George Saunders Story Club

Big Indian Park Snowy Stream
Big Indian Park Snowy Stream

I rotate through favorite authors. Readers of this website notice I mention often certain authors. Murakami and Mitchell in current reading, Stephen King for writing advice, and Hugh Howey and Neil Gaiman in both categories. Lately I’ve read a lot of George Saunders, especially his amazing book A Swim in the Pond in the Rain. He created a follow-up Substack to continue teaching.

Saunders, both in the book and Story Time with George Saunders, takes a short piece of literature and breaks it down. Not in a what-is-the-deeper-meaning sense, but more concretely. Why did the author do this thing? What are the questions he’s asking? The book and the continuing course are for writers, but they really make better readers. I’m blissfully unaware of the subtle things an author will do, like re-use images, subtly create a mood or an impression. Or, at least I was. One of GS’s methods is to read each piece at least twice; the first time just pay attention to your reaction. When were you curious? Interested? Bored? Then re-read and notice why you had these reactions. I’m thoroughly enjoying this approach.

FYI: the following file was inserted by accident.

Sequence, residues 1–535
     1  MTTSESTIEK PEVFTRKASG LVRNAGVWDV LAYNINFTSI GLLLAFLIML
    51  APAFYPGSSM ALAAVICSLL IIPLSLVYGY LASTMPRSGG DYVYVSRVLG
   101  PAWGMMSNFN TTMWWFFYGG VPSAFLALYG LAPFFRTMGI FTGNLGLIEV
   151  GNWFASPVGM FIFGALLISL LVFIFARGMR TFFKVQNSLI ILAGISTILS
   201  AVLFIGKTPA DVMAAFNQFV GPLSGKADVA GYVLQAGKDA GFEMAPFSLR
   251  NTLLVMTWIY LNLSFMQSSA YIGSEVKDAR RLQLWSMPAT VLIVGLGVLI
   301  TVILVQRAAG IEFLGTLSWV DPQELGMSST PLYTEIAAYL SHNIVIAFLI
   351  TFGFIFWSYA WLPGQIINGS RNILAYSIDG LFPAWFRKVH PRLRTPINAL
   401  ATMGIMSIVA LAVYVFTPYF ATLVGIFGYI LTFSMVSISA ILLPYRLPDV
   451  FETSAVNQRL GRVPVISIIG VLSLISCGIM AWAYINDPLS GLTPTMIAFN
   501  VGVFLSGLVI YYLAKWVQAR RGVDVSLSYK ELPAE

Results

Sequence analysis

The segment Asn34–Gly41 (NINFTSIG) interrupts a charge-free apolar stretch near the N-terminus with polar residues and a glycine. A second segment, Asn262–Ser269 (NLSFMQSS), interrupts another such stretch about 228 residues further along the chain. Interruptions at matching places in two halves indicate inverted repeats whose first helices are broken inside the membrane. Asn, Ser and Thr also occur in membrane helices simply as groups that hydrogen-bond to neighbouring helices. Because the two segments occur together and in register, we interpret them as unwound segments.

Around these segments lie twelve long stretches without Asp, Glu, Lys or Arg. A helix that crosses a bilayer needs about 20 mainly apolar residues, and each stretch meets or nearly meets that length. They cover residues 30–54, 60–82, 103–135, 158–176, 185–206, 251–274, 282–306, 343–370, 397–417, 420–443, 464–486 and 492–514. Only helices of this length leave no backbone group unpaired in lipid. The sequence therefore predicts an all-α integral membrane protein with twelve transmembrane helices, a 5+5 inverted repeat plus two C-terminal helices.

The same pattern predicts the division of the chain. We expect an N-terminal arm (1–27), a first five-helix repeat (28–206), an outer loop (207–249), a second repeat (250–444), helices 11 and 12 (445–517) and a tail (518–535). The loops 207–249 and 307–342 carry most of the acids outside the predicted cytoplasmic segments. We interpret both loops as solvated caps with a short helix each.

As I mentioned before, GS is a huge fan of the editing process. His instructions are specific; edit and notice the parts that don’t work, and keep re-working them. Maybe dozens of times. While editing, notice themes and deeper meaning of the piece. The themes or takeaways are up to the reader, of course, but having a sense of what you are trying to say gives the piece direction.

Another key are what GS describes as pulses.

“A pulse might be a scene, but, really, it’s a unit of meaning. What makes a story a story is the way one pulse leads to the next, which produces that lovely story-feeling.

Each segment of the story should lead to the next… something like the “And then.. or of course, this happened” approach.

The biggest lesson is his examination of how much consideration goes into the descriptions and setup of each scene. An excellent author doesn’t just describe a character as they see them in their mind. Each detail either reveals something about the character, foreshadows, or ties elements of the story together. For example,

“He rose and—with the purple of his breeches, with his crimson cap tilted to one side, with the decorations hammered into his chest—cut the hut in half, as a banner cuts the sky. He smelt of perfume and the overwhelmingly sweet coolness of soap. His long legs looked like a pair of girls clad in shiny shoulder-length jackboots.” -Babel, My First Goose.

Every time I read and work through the exercises in GS’s posts, I feel a little closer to where I want to be. It certainly has made me a better reader; now I ask, what is the question the story is asking? Why do I care? What is the intent of this scene? Is it needed? Is this detail needed? Does it push the story forward? Hopefully, my output will reflect these lessons.

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